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To provide some background; I've been learning Ruby for the passed few months (have read most of Well-Grounded-Rubyist, completed Poignant ruby guide, and planning on reading Eloquent ruby afterwards) I have grasped most concepts i.e Objects, the Ruby kernel (fundamentals), scope, loops and so forth, however, I am confused when it comes to sending messages/methods to code.

Let's use this line of code as an example: toolkit = Toolkit.get_default_toolkit

Now toolkit is the variable for the Toolkit object and get_default_toolkit is the method/message. What I find ambiguous in most code is that the method/message isn't defined anywhere. So my question is, is there a list of Kernal messages/methods that we (rubyists) can study that are used at a fundamental level?

Or do these methods just have large scope, and are defined somewhere else within the program?

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2 Answers 2

The methods are defined in the class definition, as they are with virtually every language. get_default_toolkit isn't some low-level method that you'll have to hunt through core Ruby classes to find, it's part of class Toolkit and it'll be defined where ever that class is defined.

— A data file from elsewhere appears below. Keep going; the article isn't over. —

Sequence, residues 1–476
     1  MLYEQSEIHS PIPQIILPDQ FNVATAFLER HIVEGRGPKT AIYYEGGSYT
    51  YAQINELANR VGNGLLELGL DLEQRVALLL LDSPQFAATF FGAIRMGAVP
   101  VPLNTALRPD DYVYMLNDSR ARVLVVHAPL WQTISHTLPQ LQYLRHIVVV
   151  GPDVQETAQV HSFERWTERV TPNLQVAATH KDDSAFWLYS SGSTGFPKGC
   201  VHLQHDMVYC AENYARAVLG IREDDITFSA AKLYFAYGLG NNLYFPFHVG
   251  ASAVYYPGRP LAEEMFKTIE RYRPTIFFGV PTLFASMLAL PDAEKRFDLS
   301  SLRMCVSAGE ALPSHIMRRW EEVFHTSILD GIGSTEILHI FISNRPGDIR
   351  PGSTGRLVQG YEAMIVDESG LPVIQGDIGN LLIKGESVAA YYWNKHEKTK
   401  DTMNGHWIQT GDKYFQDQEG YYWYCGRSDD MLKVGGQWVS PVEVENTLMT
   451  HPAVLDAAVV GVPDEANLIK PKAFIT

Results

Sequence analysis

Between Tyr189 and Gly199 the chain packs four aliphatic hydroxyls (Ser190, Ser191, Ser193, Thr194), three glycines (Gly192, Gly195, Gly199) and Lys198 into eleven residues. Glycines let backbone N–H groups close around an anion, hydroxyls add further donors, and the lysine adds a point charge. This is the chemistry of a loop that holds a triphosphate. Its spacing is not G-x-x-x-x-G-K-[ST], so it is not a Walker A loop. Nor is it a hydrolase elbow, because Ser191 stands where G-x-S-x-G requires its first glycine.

There are such methods, like those defined in Kernel or Object, but get_default_toolkit isn't one of them.

For any given method, you can figure out which class it was defined in by calling object.method('method_name').owner, or find out where it was defined (file/line number) by calling .source_location.

Now toolkit is the variable for the Toolkit object

The better way of wording this is that toolkit is a variable, and Toolkit is a class, and toolkit now contains a new instance of the Toolkit class.

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Awesome answer - voted! –  Apane101 Mar 20 '13 at 5:46

If you want to find what method calls are available for an object or class you can call .methods on it

e.g.

pp String.methods.sort

thing = Array.new
pp thing.methods.sort

I like to call them with pp and sort so they are printed in a readable manner

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